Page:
Friday, May 30, 2014

Schoolhouse Review: Progeny Press

Reading is certainly Gess' strong point. In fact we are at the point in our schooling where she is starting to learn about the literature itself instead of just focusing on did she remember what she read. While that is still very important to me, we are also trying to discover what we can learn from it. With Gess having Down syndrome that is sometimes a bit tricky, but products like Progeny Press make it easier for me.

We had our first experience with Progeny Press last year when we reviewed their Hall of Door's Book and Study Guide. This year we reviewed The Courage of Sarah Noble E-Guide.

What I love about the Progeny Press study guides is that they help you look at what you read with a biblical perspective. Taking a look at literature, whether Christian or secular, they examine the values and lessons in accordance with biblical teachings. It helps your child not only learn to examine what they read to gain a better understanding of it, but truly think and reason about whether that lesson is compatible with God's Word.

To properly go through the study you will need to have a dictionary, thesaurus, a bible, and a few other tools handy. For the guide they quote the NIV version of the bible but you may use whatever version you choose. The student then begins by reading through the entire book in the first week or so. They do have some pre-reading activities you can do before or as they start.

The Courage of Sarah Noble E-Guide is for grades K-3 but I would put the reading skill level closer to 3. I did have Gess read the book on her own first but I also had her read the chapter sections again before doing the questions. While reading through material twice isn't required, with Gess' special needs it helps her to read it more than once. Students are allowed to use their book while they answer the questions, in fact sometimes it is necessary.

The guide was divided up into segments which ranged from covering 2 to 3 chapters at time.  They always began with vocabulary words which is where the dictionary comes in handy. They were good about changing up how you studied the words each time. Sometimes you looked up and wrote the definition while other times you might have multiple choice options. Each week it was done differently which was nice. My favorite was where it had you try define it in your own words based upon the context in the story. Then you looked it up in the dictionary to see how you did. I was impressed that Gess guessed solemn fairly accurately as that was a new word to her. She must have liked it because she uses that word a lot now. Just the other day she told her dad he looked solemn.  Here are examples of how some of the vocabulary pages looked.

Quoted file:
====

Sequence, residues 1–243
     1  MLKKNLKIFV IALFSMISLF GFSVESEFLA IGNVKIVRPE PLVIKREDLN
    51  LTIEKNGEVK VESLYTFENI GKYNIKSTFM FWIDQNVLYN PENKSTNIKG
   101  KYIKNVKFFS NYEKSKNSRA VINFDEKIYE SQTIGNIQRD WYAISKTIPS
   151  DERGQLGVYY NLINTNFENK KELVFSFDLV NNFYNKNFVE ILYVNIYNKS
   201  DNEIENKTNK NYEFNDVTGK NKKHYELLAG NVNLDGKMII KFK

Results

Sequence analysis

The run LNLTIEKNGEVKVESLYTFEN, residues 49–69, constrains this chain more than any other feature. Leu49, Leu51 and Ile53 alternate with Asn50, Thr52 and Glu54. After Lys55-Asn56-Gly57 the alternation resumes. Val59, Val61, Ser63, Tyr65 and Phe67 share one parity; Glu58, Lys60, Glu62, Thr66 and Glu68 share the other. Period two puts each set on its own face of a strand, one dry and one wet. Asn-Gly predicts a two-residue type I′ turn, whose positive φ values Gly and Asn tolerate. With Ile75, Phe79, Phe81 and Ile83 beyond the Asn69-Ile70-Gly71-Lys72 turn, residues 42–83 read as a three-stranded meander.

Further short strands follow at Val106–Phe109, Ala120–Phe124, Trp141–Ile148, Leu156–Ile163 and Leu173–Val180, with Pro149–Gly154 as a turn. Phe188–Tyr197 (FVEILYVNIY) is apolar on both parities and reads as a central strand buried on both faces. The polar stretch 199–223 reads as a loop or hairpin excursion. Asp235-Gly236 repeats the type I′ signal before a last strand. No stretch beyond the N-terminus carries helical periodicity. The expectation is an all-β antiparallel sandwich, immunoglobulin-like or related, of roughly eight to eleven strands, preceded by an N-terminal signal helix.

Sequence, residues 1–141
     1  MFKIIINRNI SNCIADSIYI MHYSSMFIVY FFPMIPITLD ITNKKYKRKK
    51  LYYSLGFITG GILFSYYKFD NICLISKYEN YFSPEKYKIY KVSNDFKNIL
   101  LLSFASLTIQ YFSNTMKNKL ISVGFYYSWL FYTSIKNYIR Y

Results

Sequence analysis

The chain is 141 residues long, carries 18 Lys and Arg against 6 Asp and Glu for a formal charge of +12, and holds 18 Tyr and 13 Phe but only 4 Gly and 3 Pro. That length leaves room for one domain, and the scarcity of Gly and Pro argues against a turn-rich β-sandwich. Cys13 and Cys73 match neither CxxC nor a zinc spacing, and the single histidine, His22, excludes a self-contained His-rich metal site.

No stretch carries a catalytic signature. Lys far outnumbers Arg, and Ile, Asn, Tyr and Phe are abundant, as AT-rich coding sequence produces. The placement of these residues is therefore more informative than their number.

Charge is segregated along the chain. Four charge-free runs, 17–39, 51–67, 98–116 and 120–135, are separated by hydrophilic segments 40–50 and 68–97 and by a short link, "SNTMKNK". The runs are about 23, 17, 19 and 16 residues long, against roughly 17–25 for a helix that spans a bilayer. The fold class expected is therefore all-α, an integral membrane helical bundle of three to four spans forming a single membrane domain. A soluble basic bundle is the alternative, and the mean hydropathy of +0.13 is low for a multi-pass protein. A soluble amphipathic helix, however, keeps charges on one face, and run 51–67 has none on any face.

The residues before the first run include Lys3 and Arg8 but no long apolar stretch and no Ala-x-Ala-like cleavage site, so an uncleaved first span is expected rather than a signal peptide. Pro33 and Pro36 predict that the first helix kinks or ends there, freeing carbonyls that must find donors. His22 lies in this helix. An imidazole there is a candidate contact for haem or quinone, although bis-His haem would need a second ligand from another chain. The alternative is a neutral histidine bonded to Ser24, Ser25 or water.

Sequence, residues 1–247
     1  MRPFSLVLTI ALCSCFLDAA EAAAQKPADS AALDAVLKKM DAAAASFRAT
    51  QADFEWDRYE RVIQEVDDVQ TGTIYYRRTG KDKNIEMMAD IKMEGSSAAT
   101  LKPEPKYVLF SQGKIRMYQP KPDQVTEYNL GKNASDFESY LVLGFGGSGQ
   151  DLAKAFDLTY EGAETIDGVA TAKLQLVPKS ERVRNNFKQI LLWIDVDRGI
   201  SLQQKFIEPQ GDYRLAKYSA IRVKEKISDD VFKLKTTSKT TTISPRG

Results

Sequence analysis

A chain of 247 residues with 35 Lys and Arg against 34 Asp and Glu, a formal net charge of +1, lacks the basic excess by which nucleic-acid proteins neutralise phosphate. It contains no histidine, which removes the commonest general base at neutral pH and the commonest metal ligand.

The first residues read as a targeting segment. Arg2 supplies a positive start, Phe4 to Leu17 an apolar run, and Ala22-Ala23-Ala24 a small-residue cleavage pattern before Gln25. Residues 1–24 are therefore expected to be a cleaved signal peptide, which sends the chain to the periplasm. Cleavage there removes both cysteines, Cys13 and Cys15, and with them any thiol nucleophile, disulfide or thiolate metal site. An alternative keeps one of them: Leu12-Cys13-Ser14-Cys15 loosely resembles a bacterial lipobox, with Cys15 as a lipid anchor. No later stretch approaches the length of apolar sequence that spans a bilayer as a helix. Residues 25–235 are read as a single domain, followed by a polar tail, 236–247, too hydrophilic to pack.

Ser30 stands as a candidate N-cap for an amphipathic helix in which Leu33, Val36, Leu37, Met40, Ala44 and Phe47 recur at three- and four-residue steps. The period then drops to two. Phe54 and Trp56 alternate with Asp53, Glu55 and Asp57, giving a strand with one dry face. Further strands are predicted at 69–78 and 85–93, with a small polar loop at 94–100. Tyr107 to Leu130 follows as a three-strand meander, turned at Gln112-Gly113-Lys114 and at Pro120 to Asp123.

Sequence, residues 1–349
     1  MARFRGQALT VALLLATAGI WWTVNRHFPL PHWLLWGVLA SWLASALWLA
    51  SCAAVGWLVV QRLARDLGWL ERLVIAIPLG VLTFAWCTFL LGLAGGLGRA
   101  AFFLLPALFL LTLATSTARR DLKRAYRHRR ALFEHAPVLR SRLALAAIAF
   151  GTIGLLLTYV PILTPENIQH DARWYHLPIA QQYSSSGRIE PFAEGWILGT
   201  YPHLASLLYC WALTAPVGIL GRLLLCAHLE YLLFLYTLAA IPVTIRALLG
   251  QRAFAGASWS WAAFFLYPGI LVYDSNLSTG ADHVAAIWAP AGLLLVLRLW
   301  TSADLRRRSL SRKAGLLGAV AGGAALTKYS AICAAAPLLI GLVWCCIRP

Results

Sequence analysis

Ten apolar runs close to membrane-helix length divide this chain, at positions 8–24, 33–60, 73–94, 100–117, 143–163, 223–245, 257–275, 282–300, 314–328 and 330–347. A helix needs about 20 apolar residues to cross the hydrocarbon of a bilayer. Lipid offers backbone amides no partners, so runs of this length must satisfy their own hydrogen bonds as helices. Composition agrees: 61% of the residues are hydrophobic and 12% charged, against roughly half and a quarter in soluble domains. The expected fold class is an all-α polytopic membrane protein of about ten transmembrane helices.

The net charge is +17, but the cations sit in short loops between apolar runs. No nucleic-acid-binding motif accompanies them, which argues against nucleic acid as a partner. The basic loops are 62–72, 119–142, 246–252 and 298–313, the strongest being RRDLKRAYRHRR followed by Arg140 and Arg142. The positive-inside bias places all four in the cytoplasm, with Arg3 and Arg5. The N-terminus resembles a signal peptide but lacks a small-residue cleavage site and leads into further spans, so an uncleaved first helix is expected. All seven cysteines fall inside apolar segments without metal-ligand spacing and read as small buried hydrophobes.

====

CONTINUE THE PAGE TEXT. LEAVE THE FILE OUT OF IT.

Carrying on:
After the vocabulary section you answer questions in regard to the story. Some are trying to get the student to think about why the characters are reacting the way they do. You ponder what made them say a certain thing or think about how they might actually feel. Then you examine some of their thoughts and actions based upon Scripture.

For example in the book Sarah noble wants to go visit the Indian houses. Her father takes awhile to answer and finally says she can go to one house only. They point out how Sarah waited patiently for an answer and then ask what you think her reaction would have been if her father had said no. They use Scripture that tells us to honor our parents and ask in what ways Sarah had honored her father in this situation.

Due to Gess' special needs we would discuss these types of questions verbally. She still struggles with why questions. She thinks concretely and always wants to answer the question in that way. If the question was about what happened in the story, she could tell you.  Why it happened she did not know. Thats why I think these study guides are good for her, they are helping her to learn to start thinking about it.

The Courage of Sarah Noble E-Guide was not interactive like the unit I reviewed last time. I really thought the interactive guides were great, but both seem to have their benefits. Gess prefers typing her answers as you can do in the interactive one but it was easier doing the vocabulary sections without the computer.

At the end of the study there are extra activities to do and other suggested reading. In the story The Courage of Sarah Noble her father is building a log cabin for her family so one of the activities was making one out of pretzels and graham crackers. This was lots of fun. They recommended using icing or cheese spread to hold the pretzels in place. I chose a honey nut cream cheese spread for this. It turns out to have become a favorite snack around here. You will find both Gess and her daddy spreading this on a graham cracker and then top it with pretzels, not to make anything, but just to eat it! Here is the actual log cabin that Gess made.

The Courage of Sarah Noble E-Guide sells for $11.99 and since it is electronically delivered you have no shipping costs. They offer study guides for many books in all grades including high school. To learn more about this and their other great selections visit the Progeny Press website or see what other members of the Schoolhouse Review Crew thought about them by visiting on the banner below.

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